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The Spirit Flows from the Hands – 19th C. Japanese Thread Painting – Guest Blogger: Penny Peters

December 30, 2015

19th C. Japanese Thread Painting

In a private museum in Lisbon, Portugal there is very large Japanese embroidery of four phoenixes professionally worked in the 19th C in silk and gold threads.  In Asia the phoenix represents an imperial household, fire, justice, the sun, obedience, fidelity or the southern star constellations.  It is universally considered a good omen.  Asian phoenixes are usually depicted in active positions with gracefully curling wing and tail feathers. These days the phoenix seems to be a popular tattoo motif too.  

I was able to photograph (without flash) the embroidery which measures perhaps 4 x 5 feet.  Even though it was mounted under glass, placing my camera lens right on the glass allowed me to get good close ups of the stitching. The entire surface is worked in various weights of silk thread with accents in gold.  Raised and padded techniques and couched laid work of plain and twisted threads are used extensively throughout the piece.  If techniques interest you, the Japanese Embroidery Center in Atlanta, Georgia has published a book called Techniques of Japanese Embroidery by Shuji Tamura (1998).

According to the Japanese Embroidery Center, silk embroidery came to Japan from China in the mid- 7th Century and was initially used to decorate religious objects.  Overtime it evolved into secular use primarily for decoration on kimono for court ladies.  Only the very wealthy could afford beautifully embroidered kimono.  Japanese silk embroidery is considered a spiritual as well as technical art.

“When the spirit flows from the hands, it is called “labor.” From nothing, the hands start to create wonderful works of art. The hands are the exit of the spirit. The movement of the hands embodies human longings and human beings are formed by the work of the hands. The hands create forms that never existed before, and this art of creation is uniquely human. That is, human hands carve an image of the individual out of vacant space. Humans recognize the level of their own spirit by looking at what they have created with their hands. That is, the hands enable the spirit to emerge as works of art, and it will reflect what is in your heart. As a result, what is in your heart shows in your work, and the hands will reflect what level you are, sometimes joyfully, sometimes sadly.”     Penny Peters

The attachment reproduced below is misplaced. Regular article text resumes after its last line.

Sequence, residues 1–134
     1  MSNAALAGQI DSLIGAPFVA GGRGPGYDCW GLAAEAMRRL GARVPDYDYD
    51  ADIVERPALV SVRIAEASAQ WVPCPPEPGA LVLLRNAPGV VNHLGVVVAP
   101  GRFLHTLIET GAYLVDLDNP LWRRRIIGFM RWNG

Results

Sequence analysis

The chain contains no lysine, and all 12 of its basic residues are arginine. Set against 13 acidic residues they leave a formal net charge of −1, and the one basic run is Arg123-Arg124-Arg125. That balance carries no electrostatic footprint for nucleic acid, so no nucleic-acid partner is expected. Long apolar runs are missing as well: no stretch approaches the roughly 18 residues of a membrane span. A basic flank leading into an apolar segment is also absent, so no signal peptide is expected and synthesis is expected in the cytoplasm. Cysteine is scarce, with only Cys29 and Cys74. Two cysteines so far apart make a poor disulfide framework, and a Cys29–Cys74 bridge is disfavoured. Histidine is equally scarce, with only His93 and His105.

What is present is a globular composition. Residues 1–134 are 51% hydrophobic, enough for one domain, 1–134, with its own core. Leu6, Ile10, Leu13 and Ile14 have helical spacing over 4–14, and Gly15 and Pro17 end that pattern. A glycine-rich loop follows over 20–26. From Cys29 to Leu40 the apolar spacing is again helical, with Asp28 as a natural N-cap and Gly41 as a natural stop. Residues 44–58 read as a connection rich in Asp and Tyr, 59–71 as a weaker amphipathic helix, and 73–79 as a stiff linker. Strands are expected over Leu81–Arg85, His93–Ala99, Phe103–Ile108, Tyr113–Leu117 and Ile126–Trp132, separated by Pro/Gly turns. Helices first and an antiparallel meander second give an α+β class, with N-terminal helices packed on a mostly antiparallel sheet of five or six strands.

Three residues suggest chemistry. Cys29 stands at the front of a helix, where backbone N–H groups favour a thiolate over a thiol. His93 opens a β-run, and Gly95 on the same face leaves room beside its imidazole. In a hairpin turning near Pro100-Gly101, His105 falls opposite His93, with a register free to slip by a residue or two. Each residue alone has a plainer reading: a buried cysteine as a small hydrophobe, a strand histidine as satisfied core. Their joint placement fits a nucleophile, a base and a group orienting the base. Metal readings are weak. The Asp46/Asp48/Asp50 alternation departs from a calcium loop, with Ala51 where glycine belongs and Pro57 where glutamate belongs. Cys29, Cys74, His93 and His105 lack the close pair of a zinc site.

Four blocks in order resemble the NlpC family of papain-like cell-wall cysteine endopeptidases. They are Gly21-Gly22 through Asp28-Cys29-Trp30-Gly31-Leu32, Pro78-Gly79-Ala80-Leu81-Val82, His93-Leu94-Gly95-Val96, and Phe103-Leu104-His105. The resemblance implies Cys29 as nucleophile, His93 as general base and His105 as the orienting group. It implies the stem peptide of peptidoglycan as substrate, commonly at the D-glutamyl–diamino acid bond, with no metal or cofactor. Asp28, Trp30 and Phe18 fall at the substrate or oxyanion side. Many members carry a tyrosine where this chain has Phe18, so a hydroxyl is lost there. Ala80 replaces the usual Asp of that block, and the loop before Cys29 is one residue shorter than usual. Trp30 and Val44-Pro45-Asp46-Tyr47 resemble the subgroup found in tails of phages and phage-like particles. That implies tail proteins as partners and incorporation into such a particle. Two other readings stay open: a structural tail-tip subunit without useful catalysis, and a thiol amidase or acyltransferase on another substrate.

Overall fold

7 Comments leave one →
  1. Ann Darling permalink
    December 30, 2015 4:58 am

    Lucky You Penny! That museum was closed for some kind of repair when I was there … have heard amazing things about it. LOVE the quote at the end … is that from the book you speak of earlier in the piece? Thanks for sharing.

  2. Penny Peters permalink
    December 30, 2015 5:47 am

    Hi Ann, the quote comes from the website of the Japanese Embroidery Center. Here is the link:

  3. December 30, 2015 8:18 am

    Wow, what an interesting walk through history Penny. I loved it and your great photos which followed. One can just imagine what the colours looked like when first made.thankyou for this. Jx

  4. Penny Peters permalink
    December 30, 2015 5:47 pm

    Hi Judy, Thank you. So glad you enjoyed it. The embroidery has been very well cared for…no fraying or wearing of the threads. Not sure about fading. I thought the natural colors were so rich it is hard to imagine it any other way.

  5. December 30, 2015 5:53 pm

    Thanks Penny for sharing. The embroidery is gorgeous and I love the quote. The best part is the detail photos though. It is wonderful to be able to see the individual stitches up close.

  6. January 1, 2016 11:37 am

    What perfect embroidery, and it’s amazing it’s lasted so long.

  7. nancy hanson permalink
    January 2, 2016 8:04 pm

    Oh how enjoyable. Your closeup photos are fabulous! Thank you for sharing .

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